Posts Tagged ‘Harry Potter’

“Lucy means light and additionally (the name) carried extra significance as my maternal grandmother, Lucille, was a spiritual rock in our family, before her untimely death on my birthday in 2009. I loved that the strength of my grandma might have an opportunity to live on in her great-granddaughter and was very pleased when Jaime was the first to suggest that we name her Lucy.”

Our shining star's bright light

Lucy – our shining star’s bright light

Four days before The Amazing Home Birth of Lucy Fisher, amidst a second blizzard in as many weeks during the relentless January snow of 2011, we received a visitor.

I was standing at the changing table situated directly under a window facing our backyard. Perched confidently outside our second floor apartment, overlooking the children’s bedroom, was a breathtaking cardinal against the backdrop of snow. I called the attention of the whole family to come marvel. But it wasn’t just the cardinal’s symbolic beauty amidst the storm that was so captivating, for as in continuing to observe it I felt strongly that it had arrived here on our branches purposefully.

A symbol of beauty amidst continual storm may have been something even more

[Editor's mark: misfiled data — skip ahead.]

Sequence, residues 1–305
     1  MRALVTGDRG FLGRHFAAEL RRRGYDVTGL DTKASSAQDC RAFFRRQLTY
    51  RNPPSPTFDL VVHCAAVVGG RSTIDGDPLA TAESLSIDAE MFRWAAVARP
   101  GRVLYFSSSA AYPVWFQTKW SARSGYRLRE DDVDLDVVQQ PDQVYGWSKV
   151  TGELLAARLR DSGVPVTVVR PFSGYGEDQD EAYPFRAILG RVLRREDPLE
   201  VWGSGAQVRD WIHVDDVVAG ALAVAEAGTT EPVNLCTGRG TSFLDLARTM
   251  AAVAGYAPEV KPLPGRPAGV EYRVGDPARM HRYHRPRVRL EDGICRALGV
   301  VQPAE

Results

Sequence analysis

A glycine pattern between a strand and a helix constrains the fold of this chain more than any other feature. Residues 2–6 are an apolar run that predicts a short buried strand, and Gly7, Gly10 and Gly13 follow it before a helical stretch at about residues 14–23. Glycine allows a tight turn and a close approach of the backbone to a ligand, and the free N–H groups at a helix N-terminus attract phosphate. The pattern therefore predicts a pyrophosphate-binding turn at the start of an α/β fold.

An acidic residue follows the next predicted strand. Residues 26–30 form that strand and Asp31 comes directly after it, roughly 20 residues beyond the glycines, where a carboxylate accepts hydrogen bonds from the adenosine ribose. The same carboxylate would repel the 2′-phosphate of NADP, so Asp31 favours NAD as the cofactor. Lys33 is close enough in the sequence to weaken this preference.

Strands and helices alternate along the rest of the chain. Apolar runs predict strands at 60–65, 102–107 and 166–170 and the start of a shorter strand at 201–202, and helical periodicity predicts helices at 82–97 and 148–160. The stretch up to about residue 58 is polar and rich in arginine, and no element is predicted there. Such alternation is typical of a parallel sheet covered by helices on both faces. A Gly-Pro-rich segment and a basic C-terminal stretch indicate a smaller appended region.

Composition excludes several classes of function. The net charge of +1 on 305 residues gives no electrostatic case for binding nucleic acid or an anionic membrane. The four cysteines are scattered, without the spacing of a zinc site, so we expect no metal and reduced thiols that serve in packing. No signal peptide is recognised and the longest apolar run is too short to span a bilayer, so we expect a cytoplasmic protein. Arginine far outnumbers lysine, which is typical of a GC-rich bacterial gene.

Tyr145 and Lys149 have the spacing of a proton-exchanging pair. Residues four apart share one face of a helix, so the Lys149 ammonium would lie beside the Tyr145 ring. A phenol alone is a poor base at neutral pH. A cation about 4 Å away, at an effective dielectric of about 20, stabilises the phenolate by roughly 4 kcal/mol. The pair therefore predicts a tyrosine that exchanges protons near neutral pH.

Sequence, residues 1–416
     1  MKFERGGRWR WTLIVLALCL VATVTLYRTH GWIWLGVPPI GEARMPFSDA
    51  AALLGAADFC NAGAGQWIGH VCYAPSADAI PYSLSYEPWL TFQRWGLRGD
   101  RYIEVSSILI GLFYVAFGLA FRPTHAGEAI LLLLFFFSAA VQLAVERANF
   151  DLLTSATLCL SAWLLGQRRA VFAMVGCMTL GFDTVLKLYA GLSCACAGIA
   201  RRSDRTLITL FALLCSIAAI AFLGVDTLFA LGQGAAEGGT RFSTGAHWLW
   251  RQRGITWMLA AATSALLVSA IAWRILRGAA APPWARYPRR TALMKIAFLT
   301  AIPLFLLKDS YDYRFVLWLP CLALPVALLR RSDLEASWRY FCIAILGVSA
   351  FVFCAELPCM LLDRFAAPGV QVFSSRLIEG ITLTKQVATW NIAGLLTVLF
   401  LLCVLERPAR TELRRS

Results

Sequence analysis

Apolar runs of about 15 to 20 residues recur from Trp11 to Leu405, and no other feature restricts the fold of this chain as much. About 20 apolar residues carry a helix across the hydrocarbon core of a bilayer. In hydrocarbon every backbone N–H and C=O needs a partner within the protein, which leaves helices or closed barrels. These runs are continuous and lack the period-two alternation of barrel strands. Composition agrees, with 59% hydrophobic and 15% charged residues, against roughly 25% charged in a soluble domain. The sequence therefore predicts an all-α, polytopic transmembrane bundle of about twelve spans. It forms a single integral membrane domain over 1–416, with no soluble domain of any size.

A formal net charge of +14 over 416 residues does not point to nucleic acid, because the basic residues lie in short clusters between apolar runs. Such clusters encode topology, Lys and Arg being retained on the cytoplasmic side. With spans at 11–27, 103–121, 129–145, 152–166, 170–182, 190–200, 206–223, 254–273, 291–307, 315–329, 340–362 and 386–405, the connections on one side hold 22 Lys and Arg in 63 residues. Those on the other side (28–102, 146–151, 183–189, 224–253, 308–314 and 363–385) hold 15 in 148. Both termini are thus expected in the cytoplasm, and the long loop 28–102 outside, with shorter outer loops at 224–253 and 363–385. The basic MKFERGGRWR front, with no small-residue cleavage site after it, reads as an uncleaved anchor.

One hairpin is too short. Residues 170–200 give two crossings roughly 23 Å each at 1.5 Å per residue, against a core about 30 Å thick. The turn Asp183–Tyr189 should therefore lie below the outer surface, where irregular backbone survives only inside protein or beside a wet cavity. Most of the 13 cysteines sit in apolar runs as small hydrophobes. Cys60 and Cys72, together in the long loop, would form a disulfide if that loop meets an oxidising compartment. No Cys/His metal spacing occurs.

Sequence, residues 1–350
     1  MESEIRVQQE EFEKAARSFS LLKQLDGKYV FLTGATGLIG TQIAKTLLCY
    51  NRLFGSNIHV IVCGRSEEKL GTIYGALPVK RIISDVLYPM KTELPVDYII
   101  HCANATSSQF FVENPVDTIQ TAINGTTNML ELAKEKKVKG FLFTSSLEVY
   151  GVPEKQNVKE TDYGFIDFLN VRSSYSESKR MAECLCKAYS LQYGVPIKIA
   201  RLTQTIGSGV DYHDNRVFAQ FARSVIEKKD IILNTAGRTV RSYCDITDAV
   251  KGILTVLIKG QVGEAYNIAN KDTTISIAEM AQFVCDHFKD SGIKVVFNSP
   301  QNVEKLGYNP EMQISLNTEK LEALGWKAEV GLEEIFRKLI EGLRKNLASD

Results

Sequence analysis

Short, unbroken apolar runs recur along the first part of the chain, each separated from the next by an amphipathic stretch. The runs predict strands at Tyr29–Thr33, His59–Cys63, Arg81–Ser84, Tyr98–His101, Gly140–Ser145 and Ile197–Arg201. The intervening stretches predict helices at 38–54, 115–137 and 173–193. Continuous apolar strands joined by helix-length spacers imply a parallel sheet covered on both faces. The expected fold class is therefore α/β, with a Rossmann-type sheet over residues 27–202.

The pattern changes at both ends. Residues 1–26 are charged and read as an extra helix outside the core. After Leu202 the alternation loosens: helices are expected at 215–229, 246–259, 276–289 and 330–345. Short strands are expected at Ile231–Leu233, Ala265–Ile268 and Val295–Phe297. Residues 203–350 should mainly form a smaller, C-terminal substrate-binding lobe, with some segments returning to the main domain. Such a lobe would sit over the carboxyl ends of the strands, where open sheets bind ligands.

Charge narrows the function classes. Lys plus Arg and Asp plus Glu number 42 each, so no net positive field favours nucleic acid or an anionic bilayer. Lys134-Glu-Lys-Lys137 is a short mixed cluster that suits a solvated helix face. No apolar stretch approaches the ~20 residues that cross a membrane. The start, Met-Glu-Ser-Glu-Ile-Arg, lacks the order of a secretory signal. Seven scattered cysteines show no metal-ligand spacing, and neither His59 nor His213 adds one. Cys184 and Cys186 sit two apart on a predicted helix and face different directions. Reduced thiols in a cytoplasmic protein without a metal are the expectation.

A symbol of beauty amidst continual storm, this cardinal’s arrival may have been something more

I am not sure I would be able to explain it to a skeptic, but as has occurred to me on previous occasions, I sensed that this particular bird in this exact moment was there specifically for me. That it was present to deliver a message and would be content to remain watching over my household until I received it.

The cardinal stayed long enough that I eventually was compelled to grab the video camera and record it’s appearance. The picture to the right is an actual screen shot from the recording on that winter day. I could not shake the feeling that this sighting was not simply fortuitous but meaningful in some way. I have never been inclined toward interest in animal spirits, but decided out of curiosity to Google possible meanings for the overt arrival of a cardinal.

The first website I found spoke of a cardinal as potentially representing the spirit of a deceased loved one signaling that they are still with you. I immediately thought of my grandmother Lucille, who had very unexpectedly passed away in her sleep two years prior in January 2009 on the birthday I share with her husband Vern.

Grandma Lucy and Vern (or Pops as we called him) had been very formative in my life, despite living some distance from us. It was Pops that gave our family our first computer and Grandma Lucy made a habit out of sending the whole family homemade birthday cards printed on her PC. It was humbling to think that I may have been the last person she wrote to while still alive. After receiving notice of her passing earlier in the day, one of my grandmother’s signature “Lucilove Creations” birthday cards arrived in the mail for me. Inside was a clip art picture of a bursting balloon with text that said, “Popping out of the balloon to wish you a Happy Birthday!” and a handwritten note that read, “Love, G’ma + Pop – thanks for the Holiday picture of your family. – Clara is so cute. –” It was not only a balloon, but our hearts that had indeed been burst.